Creative Destruction

With the death of Steve Jobs a few years ago, our world experienced the passing of arguably the most influential innovator of our time. As an entrepreneur he was driven to impact the world and as such he engaged in the very core of entrepreneurship – creative destruction. Interestingly, Karl Marx, in his Communist Manifesto (1848), offered this term as one of the key damaging features of capitalism. According to Marx, creative destruction is the process of capitalist economic development occurring out of the destruction of some prior economic order. His concern with this process was that it “devalued” current economic wealth and structure. Later, in the early 1950s, however, the respected Austrian-American economist Joseph Schumpeter regarded it as a positive theory of innovation and progress. As such, the term gained popularity within free-market economics and more recently as the essence of entrepreneurship – creating value through innovation.

Today’s economy is clearly feeling the effects of creative destruction as did the typewriter and word processer industries in the 1970s when Steve Jobs and Bill Gates came of age while inventing a new order of technological communication in their basements. We are just now beginning to see that many of the changes we thought might be short-term due to a worldwide pandemic are going to be with us for a long time and perhaps permanently. Learning to navigate this new order will not be for the faint of heart. There will more companies that disappear and there will be jobs replaced by technology.

At the same time, this new economy offers an incredible opportunity for all of us to create the work of our dreams. As an educator, I have seen the attitudes of college students change over the past 20 years. Today they understand that they cannot expect a large corporate job or an institution to take care of their needs. Instead, they are deciding to be empowered to create their own future. The new economic order provides unimagined opportunities for our anyone who wants to integrate an entrepreneurial mindset into their work. The world needs more of us to approach over lives and our vocations as Steve Jobs did – with a focus on innovation, an eagerness to dig deep enough to understand complex issues, with confidence in our dreams and a willingness to take calculated risks.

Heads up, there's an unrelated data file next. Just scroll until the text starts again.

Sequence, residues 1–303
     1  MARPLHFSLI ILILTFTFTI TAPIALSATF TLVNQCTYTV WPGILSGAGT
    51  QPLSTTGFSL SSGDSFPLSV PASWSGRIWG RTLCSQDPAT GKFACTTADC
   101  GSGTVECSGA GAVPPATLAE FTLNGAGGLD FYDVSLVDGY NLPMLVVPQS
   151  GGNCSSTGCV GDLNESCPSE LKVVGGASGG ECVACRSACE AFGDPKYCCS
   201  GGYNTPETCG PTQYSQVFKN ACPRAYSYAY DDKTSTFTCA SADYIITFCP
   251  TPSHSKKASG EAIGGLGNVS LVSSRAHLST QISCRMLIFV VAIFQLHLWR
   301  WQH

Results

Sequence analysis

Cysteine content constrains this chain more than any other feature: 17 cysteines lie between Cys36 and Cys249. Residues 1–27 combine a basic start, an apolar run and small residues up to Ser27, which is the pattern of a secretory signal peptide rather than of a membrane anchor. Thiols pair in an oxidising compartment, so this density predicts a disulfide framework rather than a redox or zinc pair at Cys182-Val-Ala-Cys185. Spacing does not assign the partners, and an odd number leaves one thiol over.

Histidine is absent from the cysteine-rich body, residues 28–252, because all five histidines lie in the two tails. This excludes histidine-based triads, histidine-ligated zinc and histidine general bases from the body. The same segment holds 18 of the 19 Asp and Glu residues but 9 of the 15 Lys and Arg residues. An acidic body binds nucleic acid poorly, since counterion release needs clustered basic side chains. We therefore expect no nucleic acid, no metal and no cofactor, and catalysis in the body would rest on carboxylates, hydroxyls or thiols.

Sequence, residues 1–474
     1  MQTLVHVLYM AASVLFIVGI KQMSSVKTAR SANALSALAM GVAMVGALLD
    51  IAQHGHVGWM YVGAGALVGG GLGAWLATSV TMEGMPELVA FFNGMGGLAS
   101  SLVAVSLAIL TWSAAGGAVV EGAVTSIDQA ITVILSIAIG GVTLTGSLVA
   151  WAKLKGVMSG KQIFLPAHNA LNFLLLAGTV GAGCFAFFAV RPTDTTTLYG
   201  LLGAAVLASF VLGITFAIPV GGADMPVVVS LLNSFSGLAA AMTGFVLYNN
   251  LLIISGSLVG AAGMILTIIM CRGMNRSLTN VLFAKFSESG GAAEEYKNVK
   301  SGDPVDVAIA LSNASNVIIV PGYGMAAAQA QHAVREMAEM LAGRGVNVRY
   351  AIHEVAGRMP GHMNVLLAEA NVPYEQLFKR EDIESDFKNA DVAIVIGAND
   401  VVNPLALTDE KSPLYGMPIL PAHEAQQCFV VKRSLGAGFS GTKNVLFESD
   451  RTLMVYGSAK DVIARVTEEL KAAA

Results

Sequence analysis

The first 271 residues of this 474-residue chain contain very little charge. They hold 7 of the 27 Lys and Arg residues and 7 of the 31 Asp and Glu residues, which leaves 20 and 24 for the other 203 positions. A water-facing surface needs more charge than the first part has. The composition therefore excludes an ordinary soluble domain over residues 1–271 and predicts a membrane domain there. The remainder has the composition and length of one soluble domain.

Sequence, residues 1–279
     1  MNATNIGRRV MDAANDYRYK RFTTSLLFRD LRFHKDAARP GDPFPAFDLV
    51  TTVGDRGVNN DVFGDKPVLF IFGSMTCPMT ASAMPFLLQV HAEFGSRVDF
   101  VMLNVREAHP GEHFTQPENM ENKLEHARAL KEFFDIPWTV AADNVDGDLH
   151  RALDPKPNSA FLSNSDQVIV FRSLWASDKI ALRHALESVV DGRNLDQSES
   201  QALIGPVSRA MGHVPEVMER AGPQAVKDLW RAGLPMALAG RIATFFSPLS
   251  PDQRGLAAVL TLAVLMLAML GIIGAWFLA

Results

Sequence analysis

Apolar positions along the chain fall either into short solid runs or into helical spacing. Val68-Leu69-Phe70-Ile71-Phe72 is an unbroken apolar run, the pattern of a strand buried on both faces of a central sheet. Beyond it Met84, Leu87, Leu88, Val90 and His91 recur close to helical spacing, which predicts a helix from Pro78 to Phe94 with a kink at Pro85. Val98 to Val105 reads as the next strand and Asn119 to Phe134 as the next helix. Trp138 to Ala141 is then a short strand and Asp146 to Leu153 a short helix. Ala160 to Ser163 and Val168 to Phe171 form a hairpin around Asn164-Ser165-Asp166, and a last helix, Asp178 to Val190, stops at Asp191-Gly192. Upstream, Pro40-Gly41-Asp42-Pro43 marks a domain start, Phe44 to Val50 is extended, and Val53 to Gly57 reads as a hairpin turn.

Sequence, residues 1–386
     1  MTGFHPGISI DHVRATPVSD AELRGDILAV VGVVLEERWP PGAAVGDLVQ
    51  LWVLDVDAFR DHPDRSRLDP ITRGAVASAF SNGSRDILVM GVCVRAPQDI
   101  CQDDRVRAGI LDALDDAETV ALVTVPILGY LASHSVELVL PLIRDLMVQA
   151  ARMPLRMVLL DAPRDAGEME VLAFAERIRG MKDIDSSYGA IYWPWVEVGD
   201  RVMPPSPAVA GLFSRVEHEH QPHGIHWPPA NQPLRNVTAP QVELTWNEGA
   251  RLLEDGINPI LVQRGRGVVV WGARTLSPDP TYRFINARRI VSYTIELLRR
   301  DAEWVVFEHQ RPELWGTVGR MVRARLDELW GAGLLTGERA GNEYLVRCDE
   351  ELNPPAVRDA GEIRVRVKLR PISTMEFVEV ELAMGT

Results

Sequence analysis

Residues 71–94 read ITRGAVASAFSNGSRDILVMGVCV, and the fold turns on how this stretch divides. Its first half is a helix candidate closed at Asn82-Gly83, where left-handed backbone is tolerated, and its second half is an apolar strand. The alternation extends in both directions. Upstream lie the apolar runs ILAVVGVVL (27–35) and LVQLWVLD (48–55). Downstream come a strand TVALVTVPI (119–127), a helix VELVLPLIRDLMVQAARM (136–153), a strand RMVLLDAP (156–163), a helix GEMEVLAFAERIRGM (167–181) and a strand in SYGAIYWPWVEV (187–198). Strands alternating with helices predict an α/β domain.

While change is often painful, it is what makes life interesting and meaningful and in the end it is what offers each of us a standard of living our forefathers would never have believed possible. In fact, it was their vision, and most of ours, to leave the world an improved place. The attitude of the countless entrepreneurs of yesterday and today to take personal responsibility for building their own jobs and for providing a place for likeminded individuals to work is the answer to the pain we feel today. We must all embrace change and learn to create value through innovation – to be entrepreneurs – so that we can move quickly through the pain and more fully participate in the life-changing rewards of the creative destruction process.

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